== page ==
UPDATED to the first 435.2 IP for Maddux vs the first 445.1 IP for Hendricks.
I am joining Evan Altman in unabashedly using the term “Kyle Hendricks” in the same breath as “Greg Maddux.” And not in a derogatory way.
To the tape:
Granted, Hendricks entered the MLB scene at 24 while Maddux started at 20. There are some unfair advantages which we can address later. But, while Kyle has not completed his third year, he is only 42 innings (or six 7-inning games) away from a fair comparison.
At this juncture the two are only 6 one hundredths (0.06) apart on Field Independent Pitching, with Kyle slightly ahead of Greg 3.35 to 3.41. Hendricks is significantly outperforming Maddux among peers (ERA+) and in WHIP.
Kyle is averaging 1.5 hits per nine innings less than Greg did in his comparative third year, while Maddux gave up slightly fewer home runs and walks. They are a a half a strike out apart per nine innings. It’s like looking in a dimly lit mirror.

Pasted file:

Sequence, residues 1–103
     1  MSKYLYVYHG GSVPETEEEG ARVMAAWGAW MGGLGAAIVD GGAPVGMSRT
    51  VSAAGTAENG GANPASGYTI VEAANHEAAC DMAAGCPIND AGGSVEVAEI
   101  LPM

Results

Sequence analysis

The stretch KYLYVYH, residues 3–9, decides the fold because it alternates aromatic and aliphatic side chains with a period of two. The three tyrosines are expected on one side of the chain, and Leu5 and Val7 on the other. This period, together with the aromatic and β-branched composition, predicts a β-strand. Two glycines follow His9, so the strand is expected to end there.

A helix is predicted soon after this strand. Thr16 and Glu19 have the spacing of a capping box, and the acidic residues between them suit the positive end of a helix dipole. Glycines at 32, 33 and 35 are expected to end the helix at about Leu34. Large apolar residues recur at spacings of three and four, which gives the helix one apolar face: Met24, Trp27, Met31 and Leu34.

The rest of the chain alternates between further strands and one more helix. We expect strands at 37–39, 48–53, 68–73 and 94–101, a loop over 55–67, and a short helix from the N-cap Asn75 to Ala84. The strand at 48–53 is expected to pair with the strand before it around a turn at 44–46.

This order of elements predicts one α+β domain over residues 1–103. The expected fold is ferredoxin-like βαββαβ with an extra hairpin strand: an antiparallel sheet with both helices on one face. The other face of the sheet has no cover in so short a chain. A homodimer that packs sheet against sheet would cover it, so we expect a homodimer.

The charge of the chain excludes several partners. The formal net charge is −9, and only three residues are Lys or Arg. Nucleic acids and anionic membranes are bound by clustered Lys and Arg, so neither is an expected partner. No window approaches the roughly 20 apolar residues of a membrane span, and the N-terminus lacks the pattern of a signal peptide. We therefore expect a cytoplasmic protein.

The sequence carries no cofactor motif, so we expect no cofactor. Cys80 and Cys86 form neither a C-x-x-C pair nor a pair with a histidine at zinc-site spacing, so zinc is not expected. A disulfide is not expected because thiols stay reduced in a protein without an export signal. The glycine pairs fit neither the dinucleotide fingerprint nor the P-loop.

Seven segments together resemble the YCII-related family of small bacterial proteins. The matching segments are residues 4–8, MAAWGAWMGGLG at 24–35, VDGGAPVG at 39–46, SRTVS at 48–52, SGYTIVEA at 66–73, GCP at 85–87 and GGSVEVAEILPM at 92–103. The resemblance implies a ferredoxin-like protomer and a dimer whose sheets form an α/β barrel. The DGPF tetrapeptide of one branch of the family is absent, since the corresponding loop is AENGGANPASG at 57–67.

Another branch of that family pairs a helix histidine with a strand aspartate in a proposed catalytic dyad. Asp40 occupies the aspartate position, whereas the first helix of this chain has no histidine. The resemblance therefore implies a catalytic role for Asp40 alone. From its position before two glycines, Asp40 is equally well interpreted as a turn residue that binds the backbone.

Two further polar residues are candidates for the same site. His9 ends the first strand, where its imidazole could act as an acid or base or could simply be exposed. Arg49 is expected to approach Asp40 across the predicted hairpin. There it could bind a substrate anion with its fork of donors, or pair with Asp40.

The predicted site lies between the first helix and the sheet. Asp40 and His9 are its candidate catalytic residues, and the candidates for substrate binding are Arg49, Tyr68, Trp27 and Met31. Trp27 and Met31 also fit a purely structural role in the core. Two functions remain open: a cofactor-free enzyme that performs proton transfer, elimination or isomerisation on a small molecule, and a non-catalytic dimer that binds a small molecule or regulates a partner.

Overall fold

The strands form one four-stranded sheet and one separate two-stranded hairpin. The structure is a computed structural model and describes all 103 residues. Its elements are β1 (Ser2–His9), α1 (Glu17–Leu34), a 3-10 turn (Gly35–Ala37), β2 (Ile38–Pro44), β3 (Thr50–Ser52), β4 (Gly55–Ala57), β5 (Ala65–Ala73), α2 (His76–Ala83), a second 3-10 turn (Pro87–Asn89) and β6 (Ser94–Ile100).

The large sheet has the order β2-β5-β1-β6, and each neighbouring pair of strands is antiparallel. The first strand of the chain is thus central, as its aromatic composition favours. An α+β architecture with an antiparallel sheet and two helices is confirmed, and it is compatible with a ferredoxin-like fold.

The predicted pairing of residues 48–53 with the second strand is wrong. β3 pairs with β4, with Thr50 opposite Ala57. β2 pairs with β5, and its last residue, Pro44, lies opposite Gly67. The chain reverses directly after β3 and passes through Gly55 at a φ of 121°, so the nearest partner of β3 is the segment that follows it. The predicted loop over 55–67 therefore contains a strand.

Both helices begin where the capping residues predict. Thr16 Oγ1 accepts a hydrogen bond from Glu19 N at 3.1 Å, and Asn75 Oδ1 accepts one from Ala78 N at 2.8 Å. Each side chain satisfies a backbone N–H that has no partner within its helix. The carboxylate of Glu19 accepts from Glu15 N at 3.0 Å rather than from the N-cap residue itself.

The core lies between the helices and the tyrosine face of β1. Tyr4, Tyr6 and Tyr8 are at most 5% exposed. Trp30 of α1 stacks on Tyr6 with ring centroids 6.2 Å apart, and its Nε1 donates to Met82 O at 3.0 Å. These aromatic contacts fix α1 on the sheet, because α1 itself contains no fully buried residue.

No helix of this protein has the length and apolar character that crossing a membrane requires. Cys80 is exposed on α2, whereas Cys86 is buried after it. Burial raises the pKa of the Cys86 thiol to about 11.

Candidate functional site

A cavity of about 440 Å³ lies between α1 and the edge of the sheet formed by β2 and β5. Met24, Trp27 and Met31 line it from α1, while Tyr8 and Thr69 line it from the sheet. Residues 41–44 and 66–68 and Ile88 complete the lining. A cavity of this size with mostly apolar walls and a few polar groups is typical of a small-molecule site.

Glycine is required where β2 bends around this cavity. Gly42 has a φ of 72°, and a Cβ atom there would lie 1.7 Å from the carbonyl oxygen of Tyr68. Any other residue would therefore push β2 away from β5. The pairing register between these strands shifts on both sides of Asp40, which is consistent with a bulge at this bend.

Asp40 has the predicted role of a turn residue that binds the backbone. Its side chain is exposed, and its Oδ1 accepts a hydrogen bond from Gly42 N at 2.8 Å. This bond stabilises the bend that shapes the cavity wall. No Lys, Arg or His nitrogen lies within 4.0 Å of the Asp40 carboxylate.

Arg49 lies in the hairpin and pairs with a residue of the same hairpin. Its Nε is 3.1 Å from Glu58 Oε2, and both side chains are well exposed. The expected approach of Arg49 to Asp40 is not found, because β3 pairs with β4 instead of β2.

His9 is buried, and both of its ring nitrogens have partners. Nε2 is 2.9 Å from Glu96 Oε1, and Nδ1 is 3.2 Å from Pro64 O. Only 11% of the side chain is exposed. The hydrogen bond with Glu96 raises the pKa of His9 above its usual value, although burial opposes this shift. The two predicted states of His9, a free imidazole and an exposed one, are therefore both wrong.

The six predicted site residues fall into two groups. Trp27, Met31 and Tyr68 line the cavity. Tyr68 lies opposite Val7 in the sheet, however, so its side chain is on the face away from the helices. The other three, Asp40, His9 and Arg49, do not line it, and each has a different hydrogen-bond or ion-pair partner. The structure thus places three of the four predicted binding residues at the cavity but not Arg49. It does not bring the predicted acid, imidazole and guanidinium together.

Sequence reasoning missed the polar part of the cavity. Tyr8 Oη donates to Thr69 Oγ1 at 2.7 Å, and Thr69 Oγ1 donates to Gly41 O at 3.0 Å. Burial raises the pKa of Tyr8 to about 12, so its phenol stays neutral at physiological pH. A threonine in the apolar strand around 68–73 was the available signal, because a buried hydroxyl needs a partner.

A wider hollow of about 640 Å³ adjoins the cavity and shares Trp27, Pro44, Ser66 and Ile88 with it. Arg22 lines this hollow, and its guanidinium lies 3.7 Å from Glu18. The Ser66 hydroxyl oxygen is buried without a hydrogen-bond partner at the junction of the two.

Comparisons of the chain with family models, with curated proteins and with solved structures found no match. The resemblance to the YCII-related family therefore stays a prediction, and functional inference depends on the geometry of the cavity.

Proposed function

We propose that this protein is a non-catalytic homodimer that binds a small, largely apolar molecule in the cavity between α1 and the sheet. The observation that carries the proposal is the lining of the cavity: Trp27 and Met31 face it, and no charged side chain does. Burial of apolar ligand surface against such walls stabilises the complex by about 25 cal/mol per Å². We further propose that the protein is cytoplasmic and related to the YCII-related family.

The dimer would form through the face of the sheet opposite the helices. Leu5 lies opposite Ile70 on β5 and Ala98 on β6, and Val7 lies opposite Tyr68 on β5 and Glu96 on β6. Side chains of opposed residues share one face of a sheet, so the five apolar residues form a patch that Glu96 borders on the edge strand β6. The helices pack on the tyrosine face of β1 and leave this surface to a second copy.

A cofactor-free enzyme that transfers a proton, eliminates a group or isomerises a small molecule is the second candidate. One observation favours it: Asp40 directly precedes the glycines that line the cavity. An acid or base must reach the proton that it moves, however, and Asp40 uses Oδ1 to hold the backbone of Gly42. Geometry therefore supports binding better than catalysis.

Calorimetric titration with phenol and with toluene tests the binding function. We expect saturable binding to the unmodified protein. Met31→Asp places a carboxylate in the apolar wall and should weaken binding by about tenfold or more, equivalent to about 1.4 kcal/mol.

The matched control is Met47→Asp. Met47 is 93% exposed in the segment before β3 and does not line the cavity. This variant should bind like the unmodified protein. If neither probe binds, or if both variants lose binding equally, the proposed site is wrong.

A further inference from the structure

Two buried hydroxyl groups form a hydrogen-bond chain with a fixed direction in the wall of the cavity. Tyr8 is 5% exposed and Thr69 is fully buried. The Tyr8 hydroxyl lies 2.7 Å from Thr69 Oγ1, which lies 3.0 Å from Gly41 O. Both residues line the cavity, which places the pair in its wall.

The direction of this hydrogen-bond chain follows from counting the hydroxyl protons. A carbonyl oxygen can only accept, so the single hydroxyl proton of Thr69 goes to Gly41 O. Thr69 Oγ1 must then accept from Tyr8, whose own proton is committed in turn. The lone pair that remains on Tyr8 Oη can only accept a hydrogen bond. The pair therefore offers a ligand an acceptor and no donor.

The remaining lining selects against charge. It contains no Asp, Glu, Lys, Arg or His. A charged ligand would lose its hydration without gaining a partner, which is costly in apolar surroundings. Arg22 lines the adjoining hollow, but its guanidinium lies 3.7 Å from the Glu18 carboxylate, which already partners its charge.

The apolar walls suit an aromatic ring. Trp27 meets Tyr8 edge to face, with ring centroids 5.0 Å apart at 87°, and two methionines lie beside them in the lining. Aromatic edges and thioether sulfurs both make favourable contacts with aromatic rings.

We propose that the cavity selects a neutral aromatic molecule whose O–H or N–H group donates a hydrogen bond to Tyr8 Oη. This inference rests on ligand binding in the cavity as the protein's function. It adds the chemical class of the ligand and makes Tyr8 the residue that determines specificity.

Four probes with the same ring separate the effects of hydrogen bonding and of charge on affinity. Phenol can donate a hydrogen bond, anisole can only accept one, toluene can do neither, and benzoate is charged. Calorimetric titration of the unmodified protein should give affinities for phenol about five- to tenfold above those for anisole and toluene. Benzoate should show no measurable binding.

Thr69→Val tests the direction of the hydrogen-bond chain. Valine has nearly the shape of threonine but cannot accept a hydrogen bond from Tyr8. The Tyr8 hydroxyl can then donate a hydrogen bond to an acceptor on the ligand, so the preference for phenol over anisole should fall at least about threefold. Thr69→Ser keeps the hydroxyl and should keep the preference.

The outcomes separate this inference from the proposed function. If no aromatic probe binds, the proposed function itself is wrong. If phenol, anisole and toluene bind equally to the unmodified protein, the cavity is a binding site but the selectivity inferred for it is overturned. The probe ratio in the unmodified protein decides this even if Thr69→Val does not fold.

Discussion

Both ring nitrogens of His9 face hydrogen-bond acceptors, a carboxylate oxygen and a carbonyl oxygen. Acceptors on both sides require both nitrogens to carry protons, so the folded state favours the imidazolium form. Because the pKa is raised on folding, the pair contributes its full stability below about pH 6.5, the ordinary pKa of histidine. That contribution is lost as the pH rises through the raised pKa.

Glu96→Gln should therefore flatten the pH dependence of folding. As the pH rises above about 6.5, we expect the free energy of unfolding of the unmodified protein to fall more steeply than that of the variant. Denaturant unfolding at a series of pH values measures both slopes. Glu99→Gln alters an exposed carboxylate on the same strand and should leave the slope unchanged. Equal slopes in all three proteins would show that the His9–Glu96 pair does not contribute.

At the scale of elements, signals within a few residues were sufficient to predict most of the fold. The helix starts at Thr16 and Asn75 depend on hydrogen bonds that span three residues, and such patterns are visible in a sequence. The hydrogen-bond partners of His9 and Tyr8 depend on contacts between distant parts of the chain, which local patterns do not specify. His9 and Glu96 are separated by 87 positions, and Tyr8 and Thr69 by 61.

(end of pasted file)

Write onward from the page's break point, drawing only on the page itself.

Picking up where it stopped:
For those who want to see a comparison of DRA: Maddux posted 9.09 – 4.39 – 3.65 in his first 3 years vs Hendrick’s 3.97 – 3.27 – 3.55.
Where Kyle seems to have excelled, no doubt due to his Dartmouth and Cubs farm system development, is in his effectiveness. In 42 career innings less than Maddux, Hendricks has already accumulated nearly THREE more WINS against replacement.
In 42 career innings less than Maddux, Hendricks has already
accumulated nearly THREE more WINS against replacement.
At the very least it can be fair to say that Hendricks is “Extra-Maddux-like” in his first 3 years in the majors. If you want to get REALLY crazy however (and let’s face it – only true Cubs fans do), let’s look at Maddux’s performance when he was 24 to 26 years of age.
It is exceptionally hard to draw any conclusions because:
- Kyle isn’t finished with his full 3rd year at age 26,
- Maddux had the advantage of 3 prior years of MLB experience, and
- I will be banned from Wrigleyville, Cubs Den and The Athletic if I do.
But, with Kyle on track for over 4.2 WAR this year and no subsequent regression from his strong finish in 2015 , it isn’t impossible to say that there isn’t some comparable expectations to Maddux going forward. 1992 was a breakout year for Maddux (9.2 WAR – are you kidding me!??), but applying fuzzy logic, you could easily envision Kyle being a lower walk, lower WHIP, lower hit/9 – higher home run and strike out version of the Mad Dog Professor.
No one knows if Kyle can hang in 10 more years (much less 20) to have the Hall of Fame like impact Maddux did. But I have no hesitation calling Kyle “Maddux Jr” or Greg – “Hendricks Sr.”